The Notorious RBG

Illustration by Tiffany Dang

RBG. Three letters that evoke a woman of enormous intellect and courage. For so many women in the legal community, her passing brought feelings of despair and dread; our mentor, flame-holder and civil rights guardian has left us and created a vacuum so great, it feels nothing can fill that space. 


So much has been written on what made her so extraordinary: her brilliance, her conviction and her impact as both an attorney and jurist. But for female attorneys one attribute was foremost: she was relatable. She was a working mom, wife, advocate and activist. She could have been a friend from law school, Marin County Women Lawyers or California Women Lawyers (CWL); someone who fights every day for equality, juggles the demands of family and community, and tries to be the best attorney she can be.


The loss created an overwhelming sense of urgency across the nation. Discussion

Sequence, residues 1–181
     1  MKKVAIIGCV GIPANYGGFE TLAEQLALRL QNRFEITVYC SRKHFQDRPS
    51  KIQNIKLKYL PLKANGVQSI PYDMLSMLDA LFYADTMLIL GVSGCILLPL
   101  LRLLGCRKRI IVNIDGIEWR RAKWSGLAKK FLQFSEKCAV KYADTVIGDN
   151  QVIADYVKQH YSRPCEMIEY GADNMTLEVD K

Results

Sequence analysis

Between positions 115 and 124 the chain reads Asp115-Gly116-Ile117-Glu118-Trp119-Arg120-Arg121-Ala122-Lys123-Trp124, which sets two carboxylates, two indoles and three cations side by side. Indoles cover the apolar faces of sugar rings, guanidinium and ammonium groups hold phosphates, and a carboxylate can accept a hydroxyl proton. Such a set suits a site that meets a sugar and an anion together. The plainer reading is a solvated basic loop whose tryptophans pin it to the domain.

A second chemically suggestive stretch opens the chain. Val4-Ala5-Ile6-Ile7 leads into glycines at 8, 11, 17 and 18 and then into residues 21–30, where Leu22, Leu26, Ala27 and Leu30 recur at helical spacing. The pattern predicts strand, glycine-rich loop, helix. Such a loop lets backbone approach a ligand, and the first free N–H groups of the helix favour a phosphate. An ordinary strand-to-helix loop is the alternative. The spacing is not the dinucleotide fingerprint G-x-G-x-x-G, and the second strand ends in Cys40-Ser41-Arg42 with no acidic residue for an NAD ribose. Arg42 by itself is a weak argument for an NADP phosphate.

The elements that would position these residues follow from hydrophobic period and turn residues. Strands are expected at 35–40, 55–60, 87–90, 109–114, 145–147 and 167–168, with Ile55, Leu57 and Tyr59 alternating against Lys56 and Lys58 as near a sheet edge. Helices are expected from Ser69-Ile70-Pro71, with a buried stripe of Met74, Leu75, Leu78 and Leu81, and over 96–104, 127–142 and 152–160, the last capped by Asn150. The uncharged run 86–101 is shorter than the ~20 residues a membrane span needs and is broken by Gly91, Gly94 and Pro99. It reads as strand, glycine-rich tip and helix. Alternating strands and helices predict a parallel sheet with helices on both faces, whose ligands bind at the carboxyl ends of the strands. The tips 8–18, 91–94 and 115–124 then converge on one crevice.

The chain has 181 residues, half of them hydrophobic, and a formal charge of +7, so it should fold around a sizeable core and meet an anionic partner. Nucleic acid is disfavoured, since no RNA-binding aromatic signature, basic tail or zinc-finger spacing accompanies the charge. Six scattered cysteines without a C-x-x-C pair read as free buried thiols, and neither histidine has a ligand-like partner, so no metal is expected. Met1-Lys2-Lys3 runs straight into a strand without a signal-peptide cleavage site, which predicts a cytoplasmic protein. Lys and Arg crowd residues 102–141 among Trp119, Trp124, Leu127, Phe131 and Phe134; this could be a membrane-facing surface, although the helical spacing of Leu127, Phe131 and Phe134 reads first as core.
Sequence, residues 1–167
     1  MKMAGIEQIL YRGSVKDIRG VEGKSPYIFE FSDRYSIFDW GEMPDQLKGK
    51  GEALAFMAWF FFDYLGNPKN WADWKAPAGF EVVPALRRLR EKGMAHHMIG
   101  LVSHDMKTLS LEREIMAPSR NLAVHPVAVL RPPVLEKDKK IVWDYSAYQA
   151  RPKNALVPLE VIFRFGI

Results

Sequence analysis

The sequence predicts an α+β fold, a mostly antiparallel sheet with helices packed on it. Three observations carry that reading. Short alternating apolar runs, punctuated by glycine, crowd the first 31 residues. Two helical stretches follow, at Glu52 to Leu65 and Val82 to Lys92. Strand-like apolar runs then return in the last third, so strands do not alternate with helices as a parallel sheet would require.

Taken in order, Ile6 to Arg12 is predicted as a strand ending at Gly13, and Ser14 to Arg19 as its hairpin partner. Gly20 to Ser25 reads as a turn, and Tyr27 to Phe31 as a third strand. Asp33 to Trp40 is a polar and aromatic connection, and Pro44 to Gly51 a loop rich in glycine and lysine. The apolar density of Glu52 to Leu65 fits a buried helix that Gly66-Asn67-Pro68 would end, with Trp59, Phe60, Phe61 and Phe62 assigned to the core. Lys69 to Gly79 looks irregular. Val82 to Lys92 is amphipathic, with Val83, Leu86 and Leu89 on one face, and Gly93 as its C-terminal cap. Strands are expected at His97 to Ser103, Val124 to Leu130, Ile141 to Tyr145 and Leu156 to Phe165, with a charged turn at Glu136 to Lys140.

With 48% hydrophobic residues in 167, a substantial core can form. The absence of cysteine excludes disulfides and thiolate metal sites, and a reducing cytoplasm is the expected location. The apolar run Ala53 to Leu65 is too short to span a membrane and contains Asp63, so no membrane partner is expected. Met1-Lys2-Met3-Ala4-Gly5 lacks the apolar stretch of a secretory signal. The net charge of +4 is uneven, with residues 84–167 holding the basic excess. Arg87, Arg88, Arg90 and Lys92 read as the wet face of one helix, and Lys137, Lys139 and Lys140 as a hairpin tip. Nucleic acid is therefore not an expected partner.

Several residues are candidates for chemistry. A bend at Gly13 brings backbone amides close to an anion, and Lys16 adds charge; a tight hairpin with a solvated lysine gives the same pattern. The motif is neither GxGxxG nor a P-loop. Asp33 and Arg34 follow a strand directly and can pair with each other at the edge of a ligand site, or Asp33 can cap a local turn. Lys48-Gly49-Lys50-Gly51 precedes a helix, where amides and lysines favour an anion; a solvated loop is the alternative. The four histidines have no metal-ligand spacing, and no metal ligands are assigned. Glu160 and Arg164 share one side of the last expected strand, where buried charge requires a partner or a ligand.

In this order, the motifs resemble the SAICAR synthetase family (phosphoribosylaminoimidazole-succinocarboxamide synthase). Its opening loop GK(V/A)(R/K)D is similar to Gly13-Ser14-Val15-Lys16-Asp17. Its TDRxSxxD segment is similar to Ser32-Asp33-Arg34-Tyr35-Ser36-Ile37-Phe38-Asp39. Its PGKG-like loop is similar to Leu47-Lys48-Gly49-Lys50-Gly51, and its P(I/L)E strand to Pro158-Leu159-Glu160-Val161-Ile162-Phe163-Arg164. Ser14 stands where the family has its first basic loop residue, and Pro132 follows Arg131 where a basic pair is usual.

saturated social media. In just three days, members of the CWL board created a nationally attended, virtual tribute with women honoring her from all over the country. One speaker, the Honorable Martha Walters, described how meaningful it was for her as the only woman on the Oregon Supreme Court to have another woman elected to the position. When asked years ago, Justice Ginsburg unabashedly stated there would be enough women on the United States Supreme Court “when there are nine,” as there had been nine men without question. She inspired with grace, practicality and determination. 


Many are asking, what do we do now? We will keep working to bring about change as Justice Ginsburg did — relentlessly. This loss spurred a feeling of fierce obligation to RBG and to all of her sacrifice. We cannot allow her life of service to have been in vain and must continue to fight for what she advanced. There remains so much to achieve: the Equal Rights Amendment, a woman’s right to bodily autonomy and reproductive freedom, and the guarantee of civil rights for all of our citizens, no matter their racial or gender identity. Civil rights are not up for debate. They are the rights of all humanity. While some have made the word “feminism” political, ask any feminist and she will tell you that feminism is about equal opportunity and the right to self-actualize. Justice Ginsburg understood this, and with the help of our allies, we will persevere.